Clontarf Castle is central to the narrative of Clontarf in that for centuries the political, cultural and socio-economic life of the entire area revolved around the castle. In former centuries no conceivable activity within the hinterland could take place without the knowledge, consent and blessing of the Lord of the castle.
The Story Begins
Clontarf’s long association with castle rule began back in 1172 when King Henry the Second of England granted the entire lands of this region to the Norman knight, Hugh De Lacy. It is believed that construction on the original castle began some years later when De Lacy leased and later granted these lands to fellow Norman knight, Adam de Phepoe.
The purpose of the castle was to provide a line of defence protecting the city of Dublin but, more importantly, to keep the disinherited Gaelic tribes out.
The Knights Templar
Adam de Phepoe in turn passed the castle and its lands on to the Knights Templars, who were a monastic order, founded in 1119 to protect pilgrims en route to Jerusalem, and had their headquarters on the Temple Mount on the site of the old temple of Solomon.
Though very poor at first, the Order received the official recognition of the Catholic Church in 1129 and became the favourite early-medieval charity rapidly acquiring lands, wealth and influence. They became too powerful however and were falsely suppressed and disbanded by the Catholic Church in 1312.
They were succeeded as overseers of Clontarf by the Knights Hospitaller of St. John the Baptist, thereby commencing a tradition associated with Clontarf to the present day in that the parish church is dedicated to John the Baptist.
Surrender and Re-grant
Following the suppression of the monasteries, Henry V111 in 1541 introduced Surrender and Re-grant to Ireland in that if estate owners surrender their lands to him, denounce the pope, paid taxes and swore allegiance to the crown, he would in turn re-grant them their lands complete with an English title.
Sir John Rawson, the last prior of Kilmainham and principal of Clontarf Castle, did just that. For his efforts he was rewarded with the title Lord Clontarf and given the castle as his residence.
Castle enters Protestant Hands
Following the accession of Elizabeth the First to the throne of England in 1558 Protestant rule. For although Henry accepted Protestantism, largely for selfish reasons, it can be argued that he held on to many of the old rites of the Catholic Church.
However, Elizabeth, his daughter by the beheaded Ann Boleyn, totally embraced the Reformation and set out to eradicate Catholicism in Ireland.
During her reign the castle passed from Sir Geoffrey Fenton to George King. His son, Matthew King, became involved in activities against the crown during the Irish Rebellion of 1641 and as a result lost possession of the castle.
Oliver Cromwell arrived in Ireland on August 15th 1649 and within two weeks had granted Clontarf Castle and lands to his favourite commander, Captain John Blackwell.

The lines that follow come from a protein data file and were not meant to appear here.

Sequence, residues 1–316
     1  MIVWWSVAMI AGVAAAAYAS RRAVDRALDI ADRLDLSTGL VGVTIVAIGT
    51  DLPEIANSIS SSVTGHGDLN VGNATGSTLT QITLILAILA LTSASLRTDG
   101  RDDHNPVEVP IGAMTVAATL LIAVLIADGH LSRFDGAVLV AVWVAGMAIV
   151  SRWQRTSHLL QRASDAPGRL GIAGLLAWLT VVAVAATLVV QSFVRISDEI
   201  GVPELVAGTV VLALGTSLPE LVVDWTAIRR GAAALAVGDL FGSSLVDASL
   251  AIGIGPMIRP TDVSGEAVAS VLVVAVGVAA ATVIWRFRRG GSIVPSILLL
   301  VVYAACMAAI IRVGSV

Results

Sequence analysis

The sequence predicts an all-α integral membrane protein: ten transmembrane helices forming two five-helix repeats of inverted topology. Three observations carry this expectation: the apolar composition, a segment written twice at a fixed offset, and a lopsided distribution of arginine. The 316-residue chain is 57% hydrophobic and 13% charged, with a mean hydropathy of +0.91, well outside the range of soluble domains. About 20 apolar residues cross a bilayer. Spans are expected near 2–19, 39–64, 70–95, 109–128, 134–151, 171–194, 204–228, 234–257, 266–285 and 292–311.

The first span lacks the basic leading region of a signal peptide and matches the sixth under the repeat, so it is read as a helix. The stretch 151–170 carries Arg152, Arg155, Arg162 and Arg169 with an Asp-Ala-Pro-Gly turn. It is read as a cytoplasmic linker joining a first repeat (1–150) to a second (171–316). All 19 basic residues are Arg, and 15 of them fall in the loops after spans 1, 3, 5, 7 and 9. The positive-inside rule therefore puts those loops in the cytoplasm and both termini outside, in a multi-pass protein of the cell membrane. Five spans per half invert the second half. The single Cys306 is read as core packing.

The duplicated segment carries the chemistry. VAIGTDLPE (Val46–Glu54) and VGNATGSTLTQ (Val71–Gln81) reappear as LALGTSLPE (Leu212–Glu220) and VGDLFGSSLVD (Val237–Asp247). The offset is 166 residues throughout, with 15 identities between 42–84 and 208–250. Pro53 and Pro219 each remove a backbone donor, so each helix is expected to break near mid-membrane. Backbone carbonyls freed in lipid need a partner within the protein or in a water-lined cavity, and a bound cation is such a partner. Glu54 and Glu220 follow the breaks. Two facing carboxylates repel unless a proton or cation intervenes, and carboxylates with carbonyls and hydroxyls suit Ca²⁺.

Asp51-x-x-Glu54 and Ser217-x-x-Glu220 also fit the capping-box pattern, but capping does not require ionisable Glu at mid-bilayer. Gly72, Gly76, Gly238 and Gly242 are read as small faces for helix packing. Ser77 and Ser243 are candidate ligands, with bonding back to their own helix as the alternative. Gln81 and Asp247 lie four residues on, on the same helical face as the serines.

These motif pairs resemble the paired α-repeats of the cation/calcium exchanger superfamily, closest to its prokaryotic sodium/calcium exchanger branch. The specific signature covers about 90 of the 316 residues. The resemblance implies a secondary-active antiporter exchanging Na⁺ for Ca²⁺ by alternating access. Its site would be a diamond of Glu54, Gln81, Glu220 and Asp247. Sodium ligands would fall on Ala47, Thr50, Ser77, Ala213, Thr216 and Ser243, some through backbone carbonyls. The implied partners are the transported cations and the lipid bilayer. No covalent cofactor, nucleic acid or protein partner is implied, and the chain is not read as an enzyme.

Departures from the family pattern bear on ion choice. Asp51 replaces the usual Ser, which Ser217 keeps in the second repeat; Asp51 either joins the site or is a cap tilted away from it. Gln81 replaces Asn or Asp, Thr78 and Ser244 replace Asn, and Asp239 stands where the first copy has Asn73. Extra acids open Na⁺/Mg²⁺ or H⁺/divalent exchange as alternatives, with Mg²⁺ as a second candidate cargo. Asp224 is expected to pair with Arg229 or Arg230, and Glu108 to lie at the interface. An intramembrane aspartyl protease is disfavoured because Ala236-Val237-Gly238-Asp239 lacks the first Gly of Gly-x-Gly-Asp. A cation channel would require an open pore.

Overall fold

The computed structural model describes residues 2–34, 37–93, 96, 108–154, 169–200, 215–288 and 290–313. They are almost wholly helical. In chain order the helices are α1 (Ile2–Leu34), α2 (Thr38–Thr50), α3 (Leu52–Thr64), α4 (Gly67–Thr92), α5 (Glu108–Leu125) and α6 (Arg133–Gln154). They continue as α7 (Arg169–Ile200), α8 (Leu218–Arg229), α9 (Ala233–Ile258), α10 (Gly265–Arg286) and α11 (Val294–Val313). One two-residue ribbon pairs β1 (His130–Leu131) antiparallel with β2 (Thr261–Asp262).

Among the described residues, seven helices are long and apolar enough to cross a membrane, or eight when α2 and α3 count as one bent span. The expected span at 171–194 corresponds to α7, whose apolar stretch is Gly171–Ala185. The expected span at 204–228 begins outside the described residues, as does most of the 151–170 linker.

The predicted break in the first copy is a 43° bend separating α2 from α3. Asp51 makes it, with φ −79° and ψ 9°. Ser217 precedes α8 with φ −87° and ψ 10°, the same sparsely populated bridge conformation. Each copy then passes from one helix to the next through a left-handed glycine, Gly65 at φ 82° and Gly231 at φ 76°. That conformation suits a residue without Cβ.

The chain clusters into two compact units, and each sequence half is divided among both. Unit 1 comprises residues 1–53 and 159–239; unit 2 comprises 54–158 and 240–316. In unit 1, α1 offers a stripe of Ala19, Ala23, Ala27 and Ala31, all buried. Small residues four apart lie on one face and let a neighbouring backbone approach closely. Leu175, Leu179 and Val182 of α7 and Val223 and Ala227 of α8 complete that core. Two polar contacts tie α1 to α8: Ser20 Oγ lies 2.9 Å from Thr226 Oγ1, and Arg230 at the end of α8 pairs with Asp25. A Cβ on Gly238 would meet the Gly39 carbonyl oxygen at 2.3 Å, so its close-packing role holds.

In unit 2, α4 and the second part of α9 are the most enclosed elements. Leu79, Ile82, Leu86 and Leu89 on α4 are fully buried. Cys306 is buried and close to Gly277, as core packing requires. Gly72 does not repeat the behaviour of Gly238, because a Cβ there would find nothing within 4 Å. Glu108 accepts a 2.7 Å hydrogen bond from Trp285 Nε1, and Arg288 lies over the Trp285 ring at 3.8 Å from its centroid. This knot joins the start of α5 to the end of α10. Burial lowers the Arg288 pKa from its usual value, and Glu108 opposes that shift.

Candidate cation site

It is virtually certain that Cromwell sojourned in the Castle during his Drogheda campaign.
Blackwell later assigned the Castle to John Vernon, who at that time was Quartermaster General of Cromwell’s army in Ireland.
Vernons’ 300-year Reign
John Vernon was the first of a long Vernon succession to reign over Clontarf and its inhabitants. They possessed a large, prosperous, productive and fertile estate and leased out the surrounding lands to protestant farmers.
Those lands were further enlarged in 1675 by special decree of the King, who also granted the Vernon family the right to hold two annual fairs of Clontarf on April 10th and October 6th respectively.
Vernon’s Dispute with City Assembly
John Vernon’s descendant, Captain John Vernon, was in the 17th century a man who liked to exercise control over his tenants, property and indeed anybody who came in close proximity to him. A dispute that commenced with the City Assembly in 1729 over oyster fishing rights, escalated into open conflict when he additionally claimed that he was legally entitled within his lands ‘seize such things as are cast on the shore by Shipwreck’.
To substantiate such claims he quoted the Charter of King John, which defined the boundaries of Clontarf. In the end the City Assembly gained the upper hand but in a compromise deal, Captain Vernon was declared Sheriff of Dublin.
The Vernon family, who in the 17th century owned every inch of terrain within Clontarf, had by the late 19th century sold large tracts of land to various persons and institutions. What remained was an historic stately home, but the large income and aura of prosperity associated with it was but a remnant of former days.
The last Vernon, Edward Kingston Vernon, finally sold the property to John George Oulton in 1933 who in turn passed the property on to his son, Desmond on his death in 1952.
Clontarf Castle Hotel
Clontarf’s iconic landmark is once again back in Irish hands and enjoying a new wave of prosperity, popularity and heritage value as a first class hotel, bar and restaurant.
When you next wander in to the bar for a tipple, spare a thought for all those pilgrims before you have come through the castle gates, and for those poor unfortunate souls who suffered here in centuries past!
More Clontarf History
Below you will find links to other articles about this history of Clontarf, written exclusively for this website by local historian and journalist, Eamonn Casey.